Prairie Village to consider property tax rate reduction for 2023

Prairie VIllage homes

The city's current mill levy rate is 19.322, and a budget request would decrease that by one mill. File photo.

The city of Prairie Village plans to discuss a potential property tax rate decrease as part of the city’s 2023 budget.

How much of a decrease? Mayor Eric Mikkelson and Councilmembers Terrence Gallagher, Ian Graves and Bonnie Limbird have submitted a budget request for a mill levy reduction of one mill or an amount to be determined based on the budget process.

That proposal will now be taken up by the city’s finance committee.

The city’s current mill levy rate is 19.322. Based on the average home’s appraised value in Prairie Village, the city estimates homeowners would on average save $49 annually on property taxes with a one mill reduction.

Background: Finance Director Nickie Lee said the last time Prairie Village adjusted its mill levy rate was in 2012. Lee told the Post via email that at that time the city increased the rate by .60 mills to 19.491 in order to add two police officers.

Prairie Village rejected a proposed mill levy rate reduction in 2019 for the 2020 budget. At that time, a majority of the council cited concerns about a potential recession.

Some councilmembers also said an annual savings of $39, the projected impact of the mill levy reduction proposal at that time, wouldn’t provide real tax relief to homeowners.

Mikkelson pushed back at the time, saying thousands of homeowners at or below the average home value would benefit from a reduction.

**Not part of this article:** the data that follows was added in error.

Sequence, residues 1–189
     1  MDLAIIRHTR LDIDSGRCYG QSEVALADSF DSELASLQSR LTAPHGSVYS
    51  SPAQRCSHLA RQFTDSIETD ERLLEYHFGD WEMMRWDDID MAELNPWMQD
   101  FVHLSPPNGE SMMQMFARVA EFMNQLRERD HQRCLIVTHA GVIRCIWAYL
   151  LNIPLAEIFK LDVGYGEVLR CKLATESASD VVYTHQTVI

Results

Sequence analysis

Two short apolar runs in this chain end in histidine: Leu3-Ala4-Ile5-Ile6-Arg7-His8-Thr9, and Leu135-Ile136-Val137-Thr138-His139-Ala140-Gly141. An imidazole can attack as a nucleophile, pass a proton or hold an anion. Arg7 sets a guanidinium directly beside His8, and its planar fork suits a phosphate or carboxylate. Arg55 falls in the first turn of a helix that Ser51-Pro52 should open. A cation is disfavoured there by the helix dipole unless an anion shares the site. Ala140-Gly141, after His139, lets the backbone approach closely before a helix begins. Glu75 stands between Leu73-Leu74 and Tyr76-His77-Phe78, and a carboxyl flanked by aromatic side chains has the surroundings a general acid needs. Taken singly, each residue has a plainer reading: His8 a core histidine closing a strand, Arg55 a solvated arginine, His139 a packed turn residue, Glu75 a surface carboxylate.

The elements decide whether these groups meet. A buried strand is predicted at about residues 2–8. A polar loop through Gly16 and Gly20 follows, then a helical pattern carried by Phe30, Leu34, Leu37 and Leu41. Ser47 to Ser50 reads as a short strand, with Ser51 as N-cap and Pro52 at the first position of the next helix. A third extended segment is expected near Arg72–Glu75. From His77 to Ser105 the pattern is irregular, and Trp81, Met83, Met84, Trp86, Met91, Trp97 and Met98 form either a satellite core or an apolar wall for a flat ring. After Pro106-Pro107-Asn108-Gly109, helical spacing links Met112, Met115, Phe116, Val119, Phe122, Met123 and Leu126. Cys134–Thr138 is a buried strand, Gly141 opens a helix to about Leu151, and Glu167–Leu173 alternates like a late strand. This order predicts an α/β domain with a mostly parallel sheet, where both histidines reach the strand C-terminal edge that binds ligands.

Potential impact: If a mill levy reduction is approved for the 2023 budget, the city could lose roughly $493,000 in property tax revenue. The budget request says that amount would come out of the city’s general fund.

Lee said at Monday’s city council meeting the total revenue figure could fluctuate based on the actual mill levy rate for 2023, which is determined by the amount of property taxes needed to fund the budget.

Lee stressed that the impacts of a reduction would likely vary from home to home.

Since the city’s property tax makes up 16.4% of a resident’s total tax bill, she said, a city mill levy reduction may not be felt by homeowners if other property tax rates (like those for the school district or the state) remain flat or increase.

Any changes to the mill levy rate may also impact individual residents differently, Lee told the Post. If an individual’s home value increases, their overall property tax bill may cost more even with a mill levy rate reduction, she said.

How to plug in: The public can tune into the upcoming finance committee meeting on May 4 to hear an in-depth discussion on all budget requests, including the proposed mill levy reduction.

Another budget request discussion is also set for the committee’s May 10 meeting.

Both meetings are from 4 p.m. to 6 p.m. and will be held at Prairie Village City Hall, 7700 Mission Road.

What’s next: If the mill levy reduction requests is approved by the finance committee, it will move forward to the city council’s June 21 meeting for discussion. Adoption of the budget and a public budget hearing will not occur until Sept. 6.